“Do Minimum Wages Help or Hurt Low-Skilled Immigrants?” (with Joseph J. Sabia) Industrial Relations 58(2): 275-314.
Over the last two decades, state and local governments have adopted policies requiring employers to electronically verify (E-Verify) the work eligibility of their new hires, in an effort to disrupt unauthorized immigrants’ access to the formal labor market. These E-Verify mandates previously enjoyed bipartisan support, and the Trump administration has identified a nationwide E-Verify mandate as an immigration policy priority. I show in this paper that state E-Verify mandates are associated with a 5 percentage point reduction in the probability that likely-unauthorized immigrants are employed and a 2 percentage point reduction in the probability that they have employer-sponsored insurance. However, these changes are limited to one period after implementation. In all remaining periods, the relationships are not distinguishable from zero. I show that this pattern can be explained by selective outmigration of otherwise unemployed and uninsured likely-unauthorized immigrants. By preventing unauthorized immigrants from moving to a more favorable policy environment, a nationwide E-Verify mandate would likely further limit unauthorized immigrants’ access to private health insurance.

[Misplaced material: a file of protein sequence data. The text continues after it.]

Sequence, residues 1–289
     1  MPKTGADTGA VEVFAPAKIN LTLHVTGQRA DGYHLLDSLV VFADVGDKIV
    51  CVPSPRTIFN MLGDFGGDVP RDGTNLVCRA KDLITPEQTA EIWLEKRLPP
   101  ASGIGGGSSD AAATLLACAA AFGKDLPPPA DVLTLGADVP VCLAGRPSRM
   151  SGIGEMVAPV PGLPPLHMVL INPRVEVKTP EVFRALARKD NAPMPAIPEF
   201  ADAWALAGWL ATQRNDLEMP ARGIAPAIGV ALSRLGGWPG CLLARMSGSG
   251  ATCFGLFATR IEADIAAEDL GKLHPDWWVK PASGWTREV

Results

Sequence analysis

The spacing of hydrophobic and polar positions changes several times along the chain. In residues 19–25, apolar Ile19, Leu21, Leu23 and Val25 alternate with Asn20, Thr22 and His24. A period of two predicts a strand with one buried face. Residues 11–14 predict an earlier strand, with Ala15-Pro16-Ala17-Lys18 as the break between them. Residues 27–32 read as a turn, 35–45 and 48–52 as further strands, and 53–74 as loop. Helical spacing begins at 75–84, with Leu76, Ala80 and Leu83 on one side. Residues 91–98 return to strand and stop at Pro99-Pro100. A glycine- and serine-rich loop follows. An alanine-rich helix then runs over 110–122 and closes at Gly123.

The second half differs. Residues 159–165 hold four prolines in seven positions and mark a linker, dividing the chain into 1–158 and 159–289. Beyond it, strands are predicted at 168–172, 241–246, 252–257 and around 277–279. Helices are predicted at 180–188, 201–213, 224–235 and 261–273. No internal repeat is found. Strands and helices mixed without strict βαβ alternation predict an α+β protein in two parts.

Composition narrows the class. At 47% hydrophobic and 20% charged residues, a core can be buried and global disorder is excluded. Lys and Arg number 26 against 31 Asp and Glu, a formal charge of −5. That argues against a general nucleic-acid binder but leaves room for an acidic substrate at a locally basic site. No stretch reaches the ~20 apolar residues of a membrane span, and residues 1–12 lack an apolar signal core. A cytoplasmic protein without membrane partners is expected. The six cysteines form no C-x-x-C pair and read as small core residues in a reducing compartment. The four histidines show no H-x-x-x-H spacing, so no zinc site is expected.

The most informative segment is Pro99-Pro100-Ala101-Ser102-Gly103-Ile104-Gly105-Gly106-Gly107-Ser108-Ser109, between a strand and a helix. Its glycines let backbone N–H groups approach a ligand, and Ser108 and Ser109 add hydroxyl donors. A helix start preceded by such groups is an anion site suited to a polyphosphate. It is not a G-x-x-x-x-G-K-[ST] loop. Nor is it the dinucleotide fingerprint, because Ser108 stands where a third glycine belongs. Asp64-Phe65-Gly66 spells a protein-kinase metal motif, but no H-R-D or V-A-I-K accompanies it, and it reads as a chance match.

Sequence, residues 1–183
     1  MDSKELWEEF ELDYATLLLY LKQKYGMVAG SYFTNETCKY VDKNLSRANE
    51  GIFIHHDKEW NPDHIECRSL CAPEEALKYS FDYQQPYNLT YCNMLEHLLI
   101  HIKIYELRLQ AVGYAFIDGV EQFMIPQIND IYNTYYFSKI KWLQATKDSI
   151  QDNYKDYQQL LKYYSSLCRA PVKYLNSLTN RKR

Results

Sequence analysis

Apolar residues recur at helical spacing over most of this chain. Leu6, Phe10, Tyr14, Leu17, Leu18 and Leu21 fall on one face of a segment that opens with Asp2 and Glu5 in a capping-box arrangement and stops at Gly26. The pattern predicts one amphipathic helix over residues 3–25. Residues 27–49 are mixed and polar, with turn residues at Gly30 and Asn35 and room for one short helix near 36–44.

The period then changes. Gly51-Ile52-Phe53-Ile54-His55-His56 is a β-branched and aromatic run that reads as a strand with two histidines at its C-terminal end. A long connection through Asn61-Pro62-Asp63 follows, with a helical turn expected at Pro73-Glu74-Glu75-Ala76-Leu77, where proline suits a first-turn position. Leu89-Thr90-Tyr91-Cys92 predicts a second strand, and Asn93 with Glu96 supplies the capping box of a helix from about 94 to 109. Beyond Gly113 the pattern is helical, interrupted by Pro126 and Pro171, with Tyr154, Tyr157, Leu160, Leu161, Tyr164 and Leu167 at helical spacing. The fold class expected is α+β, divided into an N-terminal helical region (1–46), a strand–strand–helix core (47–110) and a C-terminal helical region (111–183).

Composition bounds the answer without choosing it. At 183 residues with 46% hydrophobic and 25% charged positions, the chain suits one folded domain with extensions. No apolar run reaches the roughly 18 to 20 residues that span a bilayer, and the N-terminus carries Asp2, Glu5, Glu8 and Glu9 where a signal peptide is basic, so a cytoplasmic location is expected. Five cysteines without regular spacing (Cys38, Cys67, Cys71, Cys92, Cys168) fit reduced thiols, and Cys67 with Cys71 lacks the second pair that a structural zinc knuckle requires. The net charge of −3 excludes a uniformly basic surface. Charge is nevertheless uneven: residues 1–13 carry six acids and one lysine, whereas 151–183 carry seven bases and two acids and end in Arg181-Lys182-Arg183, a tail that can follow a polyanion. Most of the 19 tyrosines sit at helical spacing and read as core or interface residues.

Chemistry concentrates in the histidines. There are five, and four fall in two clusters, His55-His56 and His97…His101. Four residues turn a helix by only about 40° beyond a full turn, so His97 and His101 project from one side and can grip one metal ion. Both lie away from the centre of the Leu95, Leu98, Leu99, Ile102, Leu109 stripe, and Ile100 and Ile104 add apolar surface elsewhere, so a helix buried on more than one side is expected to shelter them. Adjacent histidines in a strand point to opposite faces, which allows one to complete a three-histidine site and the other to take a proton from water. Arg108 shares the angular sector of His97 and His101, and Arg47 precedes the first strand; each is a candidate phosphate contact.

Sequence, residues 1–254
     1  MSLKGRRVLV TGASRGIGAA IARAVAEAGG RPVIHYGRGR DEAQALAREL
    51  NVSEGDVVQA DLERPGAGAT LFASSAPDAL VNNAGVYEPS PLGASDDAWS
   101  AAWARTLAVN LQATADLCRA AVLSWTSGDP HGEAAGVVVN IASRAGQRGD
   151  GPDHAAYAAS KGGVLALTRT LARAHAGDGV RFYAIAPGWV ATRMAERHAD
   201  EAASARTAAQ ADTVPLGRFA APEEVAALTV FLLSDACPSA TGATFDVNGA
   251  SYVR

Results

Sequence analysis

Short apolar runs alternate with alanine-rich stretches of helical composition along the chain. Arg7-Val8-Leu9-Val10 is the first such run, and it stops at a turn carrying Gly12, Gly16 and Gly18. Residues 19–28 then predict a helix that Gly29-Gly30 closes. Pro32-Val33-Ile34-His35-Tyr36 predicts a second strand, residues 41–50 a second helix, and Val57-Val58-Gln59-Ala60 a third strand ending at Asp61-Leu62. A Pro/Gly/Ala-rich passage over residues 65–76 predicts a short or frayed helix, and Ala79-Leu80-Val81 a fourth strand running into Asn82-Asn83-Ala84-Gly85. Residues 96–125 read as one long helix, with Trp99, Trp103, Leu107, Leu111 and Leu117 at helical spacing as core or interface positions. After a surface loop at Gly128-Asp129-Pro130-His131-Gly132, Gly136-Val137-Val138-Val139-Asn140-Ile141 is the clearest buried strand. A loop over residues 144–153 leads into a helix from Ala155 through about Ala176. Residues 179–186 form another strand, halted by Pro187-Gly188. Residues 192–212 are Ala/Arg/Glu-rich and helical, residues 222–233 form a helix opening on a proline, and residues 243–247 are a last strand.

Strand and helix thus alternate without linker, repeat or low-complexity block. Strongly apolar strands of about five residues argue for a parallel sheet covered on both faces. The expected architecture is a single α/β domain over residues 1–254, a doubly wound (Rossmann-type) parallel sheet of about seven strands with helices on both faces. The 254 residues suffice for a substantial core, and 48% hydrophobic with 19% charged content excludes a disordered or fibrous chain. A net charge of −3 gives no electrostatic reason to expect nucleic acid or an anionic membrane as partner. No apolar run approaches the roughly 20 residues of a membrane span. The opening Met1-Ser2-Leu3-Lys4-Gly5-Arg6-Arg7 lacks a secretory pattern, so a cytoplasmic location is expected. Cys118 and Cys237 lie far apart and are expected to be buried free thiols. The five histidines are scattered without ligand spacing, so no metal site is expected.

“The Effect of E-Verify Laws on Crime” (with Andrew Dickinson, Taylor Mackay, and Joseph J. Sabia) IZA Discussion Paper No. 12798.
E-Verify laws, which have been adopted by 23 states, require employers to verify whether new employees are eligible to legally work prior to employment. In the main, these laws are designed to reduce employment opportunities for unauthorized immigrants, reduce incentives for their immigration, and increase employment and earnings for low-skilled natives. This study examines whether the labor market effects of E-Verify laws generate important spillovers on crime. Using agency-by-month data from the 2004 to 2015 National Incident Based Reporting System (NIBRS), we find that the enactment of E-Verify is associated with a 5 to 10 percent reduction in property crimes involving Hispanic arrestees, an effect driven by universal E-Verify mandates that extend to private employers. Supplemental analyses from the Current Population Survey (CPS) suggest that E-Verify-induced increases in employment of low-skilled natives of Hispanic descent and outmigration of younger Hispanics are important channels. We find no evidence that crime was displaced to nearby jurisdictions without E-Verify or that violent crime was impacted by E-Verify mandates. Moreover, neither arrests of white nor African American adults were affected by E-Verify laws. The magnitudes of our estimates suggest that E-Verify laws generated $491 million in social benefits of reduced crime to the United States.
Work in Progress
“Negative Social Comparisons and Health Behaviors: Evidence from Beauty Pageants” (with Christopher S. Carpenter).
“Driver’s Licenses, Unauthorized Immigrants, and Auto Insurance” (with Taylor Mackay and Bing Yang Tan).
“The Relationship between Medicaid Expansion and Teenage Girls’ Take-Up of the HPV Vaccine”